James A. Garfield Presidential Document
My grandfather made his living making and selling drapes and wall hangings. And there was a customer that couldn't pay him, so he ended up paying him in these historical documents. Signed by... There were multiple presidents, a couple appointments, a bill of sale for a slave.
Right. And I singled out this particular document. Do you have any idea why that might be?
I have no clue. This is not the one that I would've chosen.
Well, it doesn't look like much. I mean, it's an attractive document. You have the name of the president up at the top, James A. Garfield, a nice American eagle, very decorative, "President of the United States of America" in large letters. Down here you have the seal of the Post Office Department. And over here you have the signature "James A. Garfield." It's an appointment of someone named Dowd, whose name appears here, to be a postmaster in Indiana. So, it's a rather routine presidential document on the face of it. If you know much about James Garfield, though, there's some interesting wrinkles to this document. Garfield was the 20th president, and he was sworn in the fourth of March, 1881. He has a tragic distinction: He was the second president assassinated in office. He was shot on July 2, so only four months in office as an active president, signing documents, doing business. For that reason, his appointments like this are unusually rare. And this one's in particularly nice shape. You know, the original silk ribbon is still attached... the gold seal. It's a paper gold, not real gold.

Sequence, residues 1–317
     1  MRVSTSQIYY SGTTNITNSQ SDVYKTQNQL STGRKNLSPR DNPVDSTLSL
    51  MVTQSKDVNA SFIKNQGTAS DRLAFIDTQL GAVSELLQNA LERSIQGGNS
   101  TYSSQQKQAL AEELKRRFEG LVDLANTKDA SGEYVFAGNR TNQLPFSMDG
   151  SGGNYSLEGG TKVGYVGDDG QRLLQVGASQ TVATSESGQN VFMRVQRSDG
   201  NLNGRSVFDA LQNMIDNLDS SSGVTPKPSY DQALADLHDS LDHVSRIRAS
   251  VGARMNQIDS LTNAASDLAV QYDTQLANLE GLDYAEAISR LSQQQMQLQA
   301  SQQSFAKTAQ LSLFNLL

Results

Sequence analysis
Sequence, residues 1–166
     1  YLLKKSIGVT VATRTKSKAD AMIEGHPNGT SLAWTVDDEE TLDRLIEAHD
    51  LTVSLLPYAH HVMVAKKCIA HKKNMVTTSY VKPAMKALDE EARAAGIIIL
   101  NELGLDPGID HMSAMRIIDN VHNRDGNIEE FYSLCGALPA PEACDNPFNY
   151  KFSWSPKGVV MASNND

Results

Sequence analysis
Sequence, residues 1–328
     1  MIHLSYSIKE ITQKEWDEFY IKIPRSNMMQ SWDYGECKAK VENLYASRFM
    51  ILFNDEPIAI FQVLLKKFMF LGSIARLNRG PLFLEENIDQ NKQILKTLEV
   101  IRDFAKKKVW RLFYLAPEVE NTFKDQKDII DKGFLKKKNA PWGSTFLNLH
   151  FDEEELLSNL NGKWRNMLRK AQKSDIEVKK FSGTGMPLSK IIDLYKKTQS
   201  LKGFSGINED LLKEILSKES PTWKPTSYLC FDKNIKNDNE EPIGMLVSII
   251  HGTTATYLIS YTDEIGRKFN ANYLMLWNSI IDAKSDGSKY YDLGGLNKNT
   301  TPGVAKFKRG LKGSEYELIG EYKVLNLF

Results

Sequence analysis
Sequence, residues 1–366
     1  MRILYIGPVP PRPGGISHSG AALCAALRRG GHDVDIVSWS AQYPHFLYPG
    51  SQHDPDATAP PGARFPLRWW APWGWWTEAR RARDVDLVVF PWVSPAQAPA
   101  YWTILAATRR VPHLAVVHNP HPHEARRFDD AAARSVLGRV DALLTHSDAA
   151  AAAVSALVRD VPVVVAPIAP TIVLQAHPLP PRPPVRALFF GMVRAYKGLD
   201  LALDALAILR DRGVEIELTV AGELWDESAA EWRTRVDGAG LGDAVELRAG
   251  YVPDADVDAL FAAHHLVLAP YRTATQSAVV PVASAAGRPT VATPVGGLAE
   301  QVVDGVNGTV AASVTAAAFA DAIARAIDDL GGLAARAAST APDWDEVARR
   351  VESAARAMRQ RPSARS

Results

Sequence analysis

And a great big bold signature, "James A. Garfield." You know, this was a man in his prime, Civil War veteran, served in Congress for a long time, active Republican. And because Garfield signed so few things in office, this is worth at least $10,000.
Yeah-- not a bad piece, huh?
Not at all.
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